Musings from the Oil Patch
Another chart we prepared (Exhibit 12) covered rig activity from the start of 2007 to the end of 2012. When we visually examined the rig activity trend at the end of 2012 and compared it to the collapse in the fall of 2008 and first half of 2009, which coincided with the financial crisis and start of the global recession that crushed oil and gas prices and created severe cash liquidity issues for many companies, there didn't seem to be any comparison in the patterns. We would describe the late 2008 and early 2009 time period as “falling off the cliff.” Just to put that time period into perspective, from mid-September 2008 to mid-March 2009, the total rig count plummeted by 907 rigs, or nearly 45%. That was followed by another three months in which the overall rig count dropped another 22%. The total rig count fell during this period from 2,019 to 868, or a drop of 1,151 rigs. Oil rigs fell by 56% to 183, while gas rigs dropped by 921 rigs to 685. What is very interesting is that from September 2008 to March 2009, oil prices fell from $100 a barrel to $40-45. That certainly would explain the 45% rig count drop. But in the next three months when the rig count seemed to be falling at the same rate as in the earlier period, the oil price rebounded to $70 a barrel. The message of this trend is that while commodity prices may be extremely volatile, the oil and gas industry can't respond quite as quickly. Moreover, no one wants to go through a radical downsizing of its business and then jump back in within a matter of weeks – that would have suggested management was only reacting to events rather than managing around them.
So while the Yahoo! Finance headline writer may think the decline in the rig count over the past few months is like going over a cliff, we suggest he should measure activity against the pattern during the financial crisis. That's a pattern we would call “falling off the cliff.” Let's hope we never see that magnitude of an industry contraction again, although based on the history of the oil and gas business, it will re-occur sometime.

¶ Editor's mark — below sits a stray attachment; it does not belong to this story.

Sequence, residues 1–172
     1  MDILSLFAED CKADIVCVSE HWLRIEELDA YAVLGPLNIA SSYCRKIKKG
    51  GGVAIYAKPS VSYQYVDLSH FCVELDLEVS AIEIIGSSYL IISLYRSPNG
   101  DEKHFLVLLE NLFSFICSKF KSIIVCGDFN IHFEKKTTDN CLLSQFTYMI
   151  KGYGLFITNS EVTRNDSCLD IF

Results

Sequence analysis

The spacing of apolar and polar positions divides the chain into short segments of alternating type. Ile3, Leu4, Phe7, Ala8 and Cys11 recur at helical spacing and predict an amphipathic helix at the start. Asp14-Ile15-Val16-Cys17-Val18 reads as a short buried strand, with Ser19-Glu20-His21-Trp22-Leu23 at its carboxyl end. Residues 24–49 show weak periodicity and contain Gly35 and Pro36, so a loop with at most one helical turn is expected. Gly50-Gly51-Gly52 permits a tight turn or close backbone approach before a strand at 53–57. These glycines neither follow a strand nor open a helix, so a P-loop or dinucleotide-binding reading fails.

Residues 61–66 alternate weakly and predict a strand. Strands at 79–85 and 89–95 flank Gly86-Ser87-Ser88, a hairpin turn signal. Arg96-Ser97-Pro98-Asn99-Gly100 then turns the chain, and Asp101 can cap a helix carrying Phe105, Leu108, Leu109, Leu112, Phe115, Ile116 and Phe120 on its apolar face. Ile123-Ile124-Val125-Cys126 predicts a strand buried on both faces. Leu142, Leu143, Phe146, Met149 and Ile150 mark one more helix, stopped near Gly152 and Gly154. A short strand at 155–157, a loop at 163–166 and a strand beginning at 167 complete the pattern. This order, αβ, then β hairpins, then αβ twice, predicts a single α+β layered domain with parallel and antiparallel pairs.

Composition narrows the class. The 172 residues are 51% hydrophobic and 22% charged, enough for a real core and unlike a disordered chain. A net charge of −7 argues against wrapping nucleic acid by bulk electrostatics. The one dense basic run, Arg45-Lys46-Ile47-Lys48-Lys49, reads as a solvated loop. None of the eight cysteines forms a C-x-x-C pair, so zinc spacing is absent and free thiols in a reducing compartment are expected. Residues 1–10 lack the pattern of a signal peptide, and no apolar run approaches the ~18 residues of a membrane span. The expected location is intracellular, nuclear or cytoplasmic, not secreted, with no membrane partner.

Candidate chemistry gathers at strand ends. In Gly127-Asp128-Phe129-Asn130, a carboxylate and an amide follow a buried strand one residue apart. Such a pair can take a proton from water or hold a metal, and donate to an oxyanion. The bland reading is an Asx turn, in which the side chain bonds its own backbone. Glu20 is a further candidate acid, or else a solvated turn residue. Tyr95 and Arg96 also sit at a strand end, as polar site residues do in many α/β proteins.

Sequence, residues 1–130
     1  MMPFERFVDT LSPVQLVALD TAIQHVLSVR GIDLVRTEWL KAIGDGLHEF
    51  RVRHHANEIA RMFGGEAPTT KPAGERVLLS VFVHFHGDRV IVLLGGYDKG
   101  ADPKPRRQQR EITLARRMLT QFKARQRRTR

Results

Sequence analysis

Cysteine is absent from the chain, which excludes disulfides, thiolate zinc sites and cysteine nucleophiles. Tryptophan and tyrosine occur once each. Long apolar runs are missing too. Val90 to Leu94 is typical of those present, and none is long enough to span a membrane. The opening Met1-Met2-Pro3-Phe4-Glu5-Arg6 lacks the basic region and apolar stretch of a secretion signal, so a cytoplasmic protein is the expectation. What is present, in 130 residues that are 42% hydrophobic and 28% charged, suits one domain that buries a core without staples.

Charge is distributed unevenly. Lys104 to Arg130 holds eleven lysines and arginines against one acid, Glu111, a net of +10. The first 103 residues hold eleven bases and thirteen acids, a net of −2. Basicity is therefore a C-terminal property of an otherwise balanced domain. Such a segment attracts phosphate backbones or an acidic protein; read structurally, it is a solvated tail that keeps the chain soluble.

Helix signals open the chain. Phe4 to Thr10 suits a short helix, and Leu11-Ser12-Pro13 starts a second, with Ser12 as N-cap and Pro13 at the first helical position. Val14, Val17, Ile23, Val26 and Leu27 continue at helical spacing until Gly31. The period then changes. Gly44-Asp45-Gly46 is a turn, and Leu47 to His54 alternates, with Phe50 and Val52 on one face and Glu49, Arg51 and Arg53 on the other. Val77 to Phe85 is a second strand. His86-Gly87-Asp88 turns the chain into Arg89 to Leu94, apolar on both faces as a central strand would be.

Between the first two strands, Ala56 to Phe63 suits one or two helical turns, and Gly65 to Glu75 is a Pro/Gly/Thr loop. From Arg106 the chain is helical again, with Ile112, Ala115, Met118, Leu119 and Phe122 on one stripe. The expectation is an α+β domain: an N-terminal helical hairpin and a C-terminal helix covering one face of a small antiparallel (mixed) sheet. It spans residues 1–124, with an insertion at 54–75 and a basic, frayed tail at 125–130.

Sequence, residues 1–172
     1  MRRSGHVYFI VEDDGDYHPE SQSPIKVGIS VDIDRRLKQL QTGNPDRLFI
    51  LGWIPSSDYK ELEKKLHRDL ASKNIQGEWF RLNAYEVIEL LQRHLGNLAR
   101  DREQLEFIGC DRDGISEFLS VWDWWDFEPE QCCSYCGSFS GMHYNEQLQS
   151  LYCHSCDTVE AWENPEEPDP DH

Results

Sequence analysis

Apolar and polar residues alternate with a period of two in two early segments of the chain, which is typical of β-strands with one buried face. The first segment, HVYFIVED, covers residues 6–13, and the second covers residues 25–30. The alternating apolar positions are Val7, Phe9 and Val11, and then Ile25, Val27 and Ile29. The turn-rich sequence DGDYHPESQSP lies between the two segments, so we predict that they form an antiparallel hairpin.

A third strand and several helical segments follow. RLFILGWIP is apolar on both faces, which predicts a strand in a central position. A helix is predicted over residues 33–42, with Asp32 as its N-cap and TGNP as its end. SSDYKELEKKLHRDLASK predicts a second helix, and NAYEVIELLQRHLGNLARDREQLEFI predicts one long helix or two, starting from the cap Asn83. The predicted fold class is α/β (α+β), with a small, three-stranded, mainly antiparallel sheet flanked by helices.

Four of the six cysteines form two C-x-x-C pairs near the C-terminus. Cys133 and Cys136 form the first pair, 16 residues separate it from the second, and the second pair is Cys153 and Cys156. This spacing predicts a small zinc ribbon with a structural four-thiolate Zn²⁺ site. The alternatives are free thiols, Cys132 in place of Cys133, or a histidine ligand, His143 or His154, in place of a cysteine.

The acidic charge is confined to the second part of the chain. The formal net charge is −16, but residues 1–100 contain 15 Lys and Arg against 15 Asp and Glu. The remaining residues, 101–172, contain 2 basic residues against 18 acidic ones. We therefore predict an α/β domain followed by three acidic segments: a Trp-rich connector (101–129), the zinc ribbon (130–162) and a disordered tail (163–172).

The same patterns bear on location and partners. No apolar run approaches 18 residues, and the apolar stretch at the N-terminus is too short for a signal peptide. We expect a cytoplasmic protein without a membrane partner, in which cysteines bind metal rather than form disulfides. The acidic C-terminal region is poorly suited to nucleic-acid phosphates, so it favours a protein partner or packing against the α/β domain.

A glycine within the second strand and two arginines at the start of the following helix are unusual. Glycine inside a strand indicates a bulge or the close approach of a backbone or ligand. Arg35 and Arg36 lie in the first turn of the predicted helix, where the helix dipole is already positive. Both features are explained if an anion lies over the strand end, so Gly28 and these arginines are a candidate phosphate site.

Eoin Treacy's view One of the primary reasons drilling activity
has been so high over the last few years is tied to the desire of energy companies
to secure their leases. As supply of natural gas surged and prices deteriorated
drilling activity declined to only what was strictly necessary. As unconventional
oil projects became viable a considerable number of rigs migrated. WTI
Crude oil has been largely rangebound over the last few months as bottlenecks
in transportation infrastructure have balanced improving perceptions of economic
Just as stock markets have responded to improving perceptions and a steady flow of liquidity since the November lows, WTI Crude has also turned upwards and a break in the short-term progression of higher reaction lows would be required to question current scope for continued higher to lateral ranging. This improvement is being mirrored in heating oil and gasoline contracts.
Natural gas remains in a different pricing environment. A great deal of additional unconventional supply becomes economic at $4 and this represents a significant psychological barrier to prices. Natural gas has pulled back to test the six-month progression of higher major reaction lows and the region of the 200-day MA but a clear upward dynamic will be required to suggest a return of demand dominance in this area.
The WTI Crude Oil / Natural Gas ratio found support in November near 22.75 and a sustained move below that level would be required to question oil's potential for further medium-term outperformance
Low natural gas prices on an absolute and relative basis act as a powerful incentive to migrate demand from oil and coal. This has already occurred in the utilities sector and will be a major consideration of chemical, industrial, manufacturing and infrastructure investment in the USA going forward.